The AOL protocal was a nice reverse engineering hack. Nice work fellows.
      Hear, hear!
      Look:
      There is nothing wrong with a cool hack, made by hackers, that is solely of interest to other hackers, and that maybe even impresses your hacker friends.

      This is all Just For Fun, people... never lose sight of that!

    • Re:Silly Rabbit! (Score:5, Insightful)

      by passion (84900) on Tuesday October 09, 2001 @03:09PM (#2407881)
      no - but how many people leave their system booted into windows, since their SO, mom, whatever doesn't know how to:

      # sync
      # sync
      # /sbin/shutdown -r now

      If they could just click on a pretty AOL icon on the linux desktop, a lot of linux-users might drop their windows partition entirely.
  • by vocaljess (464531) <<moc.tenrst> <ta> <ssejkm>> on Tuesday October 09, 2001 @02:21PM (#2407558)
    when you have to use aol's software to log in to aol, you have to look at the ads and crap that they want you to look at. aol is just one large, happy advertisement. with the possibility of being able to log into your aol account without having to use their software, they'll lose some of that advertising exposure, which means that yes, they will have kittens over this. whee.
  • More technical info about AOL can be found here. [bbspot.com]
  • Why a shame? (Score:2, Insightful)

    A shame that AOL doesn't make this kind of information more easily available.

    This reminds me of the same sort of complaint found in a recent Slashdot article on Microsoft [slashdot.org]. Do you really think AOL/Time Warner wants this type of information spread around so they can lose subscribers?

    It's not a shame, it's good business sense.
  • Why?

    WHen you use their client, they control eveything you see. What you can do. Think - they could force commercials or ads down yoru throat (and they will). If its opened up, you know people will just chose not to accept them.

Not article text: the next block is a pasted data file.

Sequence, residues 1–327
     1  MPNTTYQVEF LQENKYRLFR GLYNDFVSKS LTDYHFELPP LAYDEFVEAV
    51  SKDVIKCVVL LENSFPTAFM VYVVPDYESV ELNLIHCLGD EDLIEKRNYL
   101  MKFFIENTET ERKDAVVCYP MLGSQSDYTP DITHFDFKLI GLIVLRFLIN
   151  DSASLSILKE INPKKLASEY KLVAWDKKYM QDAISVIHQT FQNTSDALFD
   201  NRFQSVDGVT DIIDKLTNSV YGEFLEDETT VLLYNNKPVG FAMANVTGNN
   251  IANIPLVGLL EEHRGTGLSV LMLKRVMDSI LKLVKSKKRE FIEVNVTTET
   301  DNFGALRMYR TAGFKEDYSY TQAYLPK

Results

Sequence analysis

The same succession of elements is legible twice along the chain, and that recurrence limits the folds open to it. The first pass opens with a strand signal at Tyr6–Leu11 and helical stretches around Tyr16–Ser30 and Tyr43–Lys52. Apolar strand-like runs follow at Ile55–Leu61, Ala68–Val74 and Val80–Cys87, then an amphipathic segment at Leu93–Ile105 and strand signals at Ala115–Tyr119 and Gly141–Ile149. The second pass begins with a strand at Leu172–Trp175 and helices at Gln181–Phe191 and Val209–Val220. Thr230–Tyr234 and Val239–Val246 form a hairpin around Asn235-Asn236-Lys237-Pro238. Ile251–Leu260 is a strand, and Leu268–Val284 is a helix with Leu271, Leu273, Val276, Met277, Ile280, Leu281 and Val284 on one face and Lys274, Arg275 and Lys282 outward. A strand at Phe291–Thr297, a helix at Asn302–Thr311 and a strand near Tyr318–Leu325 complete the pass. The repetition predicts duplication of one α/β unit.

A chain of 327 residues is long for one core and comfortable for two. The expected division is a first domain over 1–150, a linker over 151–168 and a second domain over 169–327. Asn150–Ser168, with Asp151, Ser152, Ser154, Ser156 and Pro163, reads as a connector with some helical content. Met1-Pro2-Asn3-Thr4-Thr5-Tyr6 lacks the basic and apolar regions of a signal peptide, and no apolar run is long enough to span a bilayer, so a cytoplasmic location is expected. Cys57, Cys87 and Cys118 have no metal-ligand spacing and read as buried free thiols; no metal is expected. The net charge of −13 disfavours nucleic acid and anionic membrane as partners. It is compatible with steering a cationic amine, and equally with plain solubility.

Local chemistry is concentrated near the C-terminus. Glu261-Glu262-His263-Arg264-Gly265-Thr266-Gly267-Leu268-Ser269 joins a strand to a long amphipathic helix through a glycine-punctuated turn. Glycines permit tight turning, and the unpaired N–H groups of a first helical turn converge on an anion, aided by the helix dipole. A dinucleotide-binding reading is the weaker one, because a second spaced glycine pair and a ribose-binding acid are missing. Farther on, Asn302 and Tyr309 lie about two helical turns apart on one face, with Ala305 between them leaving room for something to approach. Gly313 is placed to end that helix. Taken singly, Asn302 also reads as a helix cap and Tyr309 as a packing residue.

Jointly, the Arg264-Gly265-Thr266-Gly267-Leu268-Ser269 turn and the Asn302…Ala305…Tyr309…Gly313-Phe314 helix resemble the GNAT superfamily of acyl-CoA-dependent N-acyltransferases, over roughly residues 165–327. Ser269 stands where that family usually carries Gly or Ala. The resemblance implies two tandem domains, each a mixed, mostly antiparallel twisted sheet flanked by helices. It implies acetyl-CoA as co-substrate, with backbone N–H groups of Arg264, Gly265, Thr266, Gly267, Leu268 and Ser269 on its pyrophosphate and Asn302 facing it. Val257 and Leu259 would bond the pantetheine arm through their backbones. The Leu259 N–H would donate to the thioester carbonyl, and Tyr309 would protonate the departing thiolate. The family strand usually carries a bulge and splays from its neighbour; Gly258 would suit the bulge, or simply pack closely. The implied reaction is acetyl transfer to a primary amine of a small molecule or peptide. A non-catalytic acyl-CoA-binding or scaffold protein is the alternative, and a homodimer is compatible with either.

The protocol will change very soon. :)

  • by sid_vicious (157798) on Tuesday October 09, 2001 @02:24PM (#2407574) Homepage Journal
    I suspect a fair number of people never try Linux or one of the BSDs because they're moderately happy with AOL as an ISP ...

    Let's face it, the reason that AOL and Linux don't mesh isn't because there's no AOL-Linux interface. It's because people who use AOL use it for a reason - it's got a happy, friendly, push big rainbow colored buttons, don't-cut-yourself safety-scissors interface. Love 'em or hate 'em, it's what they do well - an interface so simple that even grandma can use the demon box.

    Linux is still, even in its most user-friendly form, a system that requires you to get some dirt under your fingernails while you use it. It's still a power-user OS.
    There just simply isn't a big overlap between the types of people who use AOL and the types of people who traditionally run Linux.
    • by Rick the Red (307103) <Rick@The@Red.gmail@com> on Tuesday October 09, 2001 @04:00PM (#2408080) Journal
      There just simply isn't a big overlap between the types of people who use AOL and the types of people who traditionally run Linux.